About AEDP Therapy


• Are you struggling with anxiety, depression, or chronic stress?
• Is it hard for you to talk about your feelings or needs?
• Do you have trouble finding or maintaining close relationships?
• Are you still suffering from an abusive or dysfunctional upbringing?

People seek counseling for many reasons. You may need support managing anxiety and stress, overcoming depression, building healthier relationships, learning to talk about your feelings and needs, or healing from a painful personal history. If you're interested in this kind of personal growth and self-exploration, I would love to help.

Good therapy can be a life-changing experience. In over fifteen years of clinical practice, I've seen how individual counseling can lead to deep healing and lasting changes in our relationships with ourselves and with others. I love the process of getting to know each of my clients and learning how to give each of them the support and feedback they need to heal and grow, and I feel privileged to be with them on their journeys of personal growth.

Please know, too, that I am an LGBT-friendly therapist who deeply values working with people of diverse racial and ethnic backgrounds. I understand and appreciate how broader issues of discrimination — such as homophobia, racism, and sexism — affect our well-being as individuals, and I welcome exploring that in our therapy together.

If you're interested in starting individual therapy, some of the things I can help you with are…

• Managing stress, anxiety, and conflict
• Letting go of depression, self-criticism, and low self-esteem
• Developing happy, close, meaningful relationships
• Building better communication and assertiveness skills
• Healing from trauma, abuse, or dysfunctional family experiences
• Exploring who you are and what you want from life

If you're looking for individual therapy in Folsom, or wondering if counseling could be right for you, please call or text me at 916.276.7709 for a free phone consultation. Let's work together to help you meet your goals.


“There is no better way to capture the ethos of AEDP than to say this: we try to help our patients and ourselves become stronger at the broken places. By working with trauma, loss, and painful consequences, we discover places that have always been strong, places that were never broken."  — Dr. Diana Fosha, Founder of AEDP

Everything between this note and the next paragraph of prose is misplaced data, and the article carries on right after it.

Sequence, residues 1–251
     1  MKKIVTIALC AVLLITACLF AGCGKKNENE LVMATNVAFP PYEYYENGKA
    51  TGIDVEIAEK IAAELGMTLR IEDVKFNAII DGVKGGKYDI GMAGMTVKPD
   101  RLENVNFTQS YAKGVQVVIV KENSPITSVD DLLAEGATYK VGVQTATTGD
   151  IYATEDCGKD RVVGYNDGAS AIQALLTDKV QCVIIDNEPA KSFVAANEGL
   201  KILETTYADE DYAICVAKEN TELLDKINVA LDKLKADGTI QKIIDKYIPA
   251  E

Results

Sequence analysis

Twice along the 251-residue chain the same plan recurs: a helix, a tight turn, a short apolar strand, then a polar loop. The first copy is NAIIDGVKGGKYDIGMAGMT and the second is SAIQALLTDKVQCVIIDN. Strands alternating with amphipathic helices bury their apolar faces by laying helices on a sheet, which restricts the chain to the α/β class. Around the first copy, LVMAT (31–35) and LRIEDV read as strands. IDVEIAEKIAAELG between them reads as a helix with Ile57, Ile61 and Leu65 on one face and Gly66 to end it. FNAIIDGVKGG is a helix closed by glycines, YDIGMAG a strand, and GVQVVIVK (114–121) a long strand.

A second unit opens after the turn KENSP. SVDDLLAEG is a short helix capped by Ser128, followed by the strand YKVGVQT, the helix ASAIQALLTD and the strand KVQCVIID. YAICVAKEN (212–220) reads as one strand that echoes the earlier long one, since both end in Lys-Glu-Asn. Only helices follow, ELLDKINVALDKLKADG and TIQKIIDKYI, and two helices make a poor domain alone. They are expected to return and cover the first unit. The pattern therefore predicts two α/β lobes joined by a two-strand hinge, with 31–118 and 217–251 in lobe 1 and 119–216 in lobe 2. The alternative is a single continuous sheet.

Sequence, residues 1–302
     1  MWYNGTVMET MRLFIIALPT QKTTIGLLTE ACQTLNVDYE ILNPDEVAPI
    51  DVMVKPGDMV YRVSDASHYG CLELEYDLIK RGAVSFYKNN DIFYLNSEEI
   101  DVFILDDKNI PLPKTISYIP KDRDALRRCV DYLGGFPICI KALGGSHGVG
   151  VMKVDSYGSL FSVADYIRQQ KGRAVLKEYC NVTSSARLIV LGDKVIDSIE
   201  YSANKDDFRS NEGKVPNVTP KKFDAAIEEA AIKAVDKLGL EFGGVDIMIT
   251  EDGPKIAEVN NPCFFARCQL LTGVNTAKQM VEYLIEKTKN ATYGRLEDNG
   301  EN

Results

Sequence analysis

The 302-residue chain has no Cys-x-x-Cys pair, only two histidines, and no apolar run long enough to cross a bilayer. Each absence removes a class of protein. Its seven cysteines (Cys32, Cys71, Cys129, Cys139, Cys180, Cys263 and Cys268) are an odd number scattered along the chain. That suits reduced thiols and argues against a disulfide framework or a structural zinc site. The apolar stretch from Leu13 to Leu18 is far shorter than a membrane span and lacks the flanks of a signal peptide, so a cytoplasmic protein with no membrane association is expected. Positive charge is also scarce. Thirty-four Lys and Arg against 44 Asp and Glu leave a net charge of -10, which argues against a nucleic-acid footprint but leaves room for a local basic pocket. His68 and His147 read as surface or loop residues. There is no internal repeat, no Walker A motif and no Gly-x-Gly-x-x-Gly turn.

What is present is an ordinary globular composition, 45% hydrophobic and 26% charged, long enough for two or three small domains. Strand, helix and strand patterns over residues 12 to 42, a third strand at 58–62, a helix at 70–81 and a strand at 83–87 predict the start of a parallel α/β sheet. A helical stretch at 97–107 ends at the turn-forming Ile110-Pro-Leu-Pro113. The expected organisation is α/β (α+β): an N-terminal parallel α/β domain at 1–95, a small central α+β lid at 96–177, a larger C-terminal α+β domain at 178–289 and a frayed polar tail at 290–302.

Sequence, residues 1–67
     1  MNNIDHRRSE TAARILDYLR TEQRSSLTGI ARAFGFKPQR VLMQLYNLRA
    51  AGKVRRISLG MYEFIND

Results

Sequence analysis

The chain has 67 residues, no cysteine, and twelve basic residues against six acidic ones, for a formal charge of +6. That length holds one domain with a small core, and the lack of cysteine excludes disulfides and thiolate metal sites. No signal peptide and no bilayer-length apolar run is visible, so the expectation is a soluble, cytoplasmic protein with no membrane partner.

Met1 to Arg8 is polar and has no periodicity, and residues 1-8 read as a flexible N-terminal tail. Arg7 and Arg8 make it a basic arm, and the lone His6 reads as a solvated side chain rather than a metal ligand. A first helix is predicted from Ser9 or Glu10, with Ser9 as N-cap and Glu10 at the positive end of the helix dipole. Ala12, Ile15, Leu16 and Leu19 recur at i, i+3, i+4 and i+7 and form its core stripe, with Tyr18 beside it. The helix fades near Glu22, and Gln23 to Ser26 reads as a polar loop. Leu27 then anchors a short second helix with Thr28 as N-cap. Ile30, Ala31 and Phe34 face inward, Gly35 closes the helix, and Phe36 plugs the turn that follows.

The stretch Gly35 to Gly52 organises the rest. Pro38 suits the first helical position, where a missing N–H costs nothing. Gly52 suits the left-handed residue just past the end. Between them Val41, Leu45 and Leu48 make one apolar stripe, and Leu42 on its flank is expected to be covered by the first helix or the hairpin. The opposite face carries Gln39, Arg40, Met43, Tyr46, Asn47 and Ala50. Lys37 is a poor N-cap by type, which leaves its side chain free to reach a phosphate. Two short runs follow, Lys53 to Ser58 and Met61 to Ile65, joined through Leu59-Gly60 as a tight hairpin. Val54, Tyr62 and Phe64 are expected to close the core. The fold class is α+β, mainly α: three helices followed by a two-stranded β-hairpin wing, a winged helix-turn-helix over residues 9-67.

Kintsugi is the Japanese pottery technique of repairing broken pieces of pottery with gold seams. This ancient art form eloquently expresses the idea that not only can something that's broken be repaired, but that it can be more beautiful for the experience, and actually more resilient in the places where it's been damaged. Like the calcium cuff that the body grows over a broken bone, a kintsugi bowl is stronger because it was broken.

In Accelerated Experiential Dynamic Psychotherapy (AEDP), we recognize that all of us have been broken at some point. We all carry hurts from our past, but AEDP asserts that we also have an inborn capacity to heal and grow from those hurts — to become "stronger at the broken places" — when we do it in connection with a truly safe, caring, and responsive person. In AEDP, the therapist works to create a warm and secure environment where your innate desire to grow and heal — to "self-right" — can be activated. To quote trauma specialist Joyelle Brandt, "Childhood trauma is relational. You can't heal relational trauma by yourself. It has to be healed in relation." From that foundation of security and openness, therapist and client can explore places that were too difficult to traverse alone.

AEDP is an emotion-focused, body-focused, experiential therapy. This means that, instead of doing cognitive, analytical work where we're challenging your false beliefs about your self or the world around you, we focus on your emotional and physical experience in the here-and-now. Staying in the present and staying with emotional processes vs. intellectually analyzing your experiences not only allows for us to move quickly (hence the word "Accelerated" in AEDP), it creates the right conditions for your brain to rewire itself, a process scientists call neuroplasticity.

Many of us know why we are the way we are intellectually, but that knowing doesn't change our brains — or our habitual responses. For example, you might have grown up with an angry dad, and now every time your partner gets angry, a part of your brain continues to respond as if it's something dangerous. That wounded, survival-oriented part of you repeatedly shuts you down and moves you away from your partner, even though you know you shouldn't do that. This painful lesson was first laid down in your brain via an emotional experience (your dad yelled). To truly "undo" and overwrite that learning, you can't just talk about it, you need to have what psychologists call a "corrective emotional experience," where the old music cues up, but this time it's a new dance, with a safe partner.

Feeling our feelings rather than avoiding them not only liberates us from needing to rely on a whole host of often self-defeating defenses, it helps us better know ourselves and express our needs so that we can live full, authentic lives and connect meaningfully with others. If you'd like to learn more about AEDP therapy or about working to reconnect with your core feelings, I often recommend that clients read the following books: Ron Frederick's Living Like You Mean It and Hilary Jacobs Hendel's It's Not Always Depression.